What is the course about?
Homer’s Iliad and Odyssey are still well-loved, and began life as orally performed epic poems, but the surviving works of other poets’ from the archaic era of ancient Greek history are equally fascinating. This introductory reading group course will explore the world and works of Hesiod, Archilochus, Sappho, Pindar and others.
What will we cover?
Each week we will read and discuss passages from archaic Greek poets including Sappho, Archilochus, Hesiod and the unknown authors of the Homeric Hymns. We will relate these works to key themes from ancient Greek life: these may, for example, include archaic Greek perceptions of other people’s and cultures, the nature of ‘heroic’ elite ancient Greek society, religion and archaic Greek society and the role of women.
What will I achieve?
By the end of this course you should be able to...
- Locate the poetry we have discussed in the context of the archaic Greek world, with a basic knowledge of key developments.
- Contribute to a discussion on the main themes from the poetry we have discussed.
What level is the course and do I need any particular skills?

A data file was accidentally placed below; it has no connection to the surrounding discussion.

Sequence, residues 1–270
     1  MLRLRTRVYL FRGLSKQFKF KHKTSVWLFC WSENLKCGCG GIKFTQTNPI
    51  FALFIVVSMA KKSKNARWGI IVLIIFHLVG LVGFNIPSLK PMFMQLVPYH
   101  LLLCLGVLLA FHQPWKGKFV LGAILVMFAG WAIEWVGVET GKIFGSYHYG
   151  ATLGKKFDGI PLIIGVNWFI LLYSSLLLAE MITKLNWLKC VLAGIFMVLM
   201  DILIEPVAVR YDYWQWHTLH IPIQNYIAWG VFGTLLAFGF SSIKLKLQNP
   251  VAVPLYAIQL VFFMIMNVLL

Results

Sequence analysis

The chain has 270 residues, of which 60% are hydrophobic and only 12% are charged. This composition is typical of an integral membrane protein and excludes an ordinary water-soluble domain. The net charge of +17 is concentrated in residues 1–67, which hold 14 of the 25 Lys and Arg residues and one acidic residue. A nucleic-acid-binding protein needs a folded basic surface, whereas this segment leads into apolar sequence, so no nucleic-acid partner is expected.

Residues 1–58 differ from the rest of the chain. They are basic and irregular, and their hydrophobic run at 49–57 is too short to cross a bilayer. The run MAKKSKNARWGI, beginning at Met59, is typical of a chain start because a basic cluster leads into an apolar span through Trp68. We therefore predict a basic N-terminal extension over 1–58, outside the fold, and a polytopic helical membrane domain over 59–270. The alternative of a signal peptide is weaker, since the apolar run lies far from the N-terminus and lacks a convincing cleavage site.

This is an introductory reading group – designed to be accessible and enjoyable for everyone – which will set the poetry we discuss in the context of the archaic Greek world, so little prior knowledge of ancient Greek history is needed. However, it will involve reading sections of archaic Greek poetry in English translation and discussing them, so a GCSE-level grasp of reading and speaking English is recommended.
How will I be taught, and will there be any work outside the class?
This course will combine discussions, tutor presentations, set ‘homework’ reading of relevant poems (this will be minimal, and it will be possible to enjoy the classes if you are unable to complete homework for any reason), quizzes and work with related texts and images.
This course will be delivered online, and will involve tutor presentation and class discussion. Student preparation and homework outside class times is strongly encouraged. To fully participate in this online class you will need:
- An email address
- A reliable internet connection
- A computer/laptop/tablet with a fully updated browser (preferably google chrome). Your device will need a microphone, and preferably a camera.
Are there any other costs? Is there anything I need to bring?
Only a pen, if you wish to take any notes.
When I've finished, what course can I do next?
Why not try "RA397: Art, sculpture and architecture of the classical world: an introduction", which will start in the autumn, also taught by Deborah Hyde.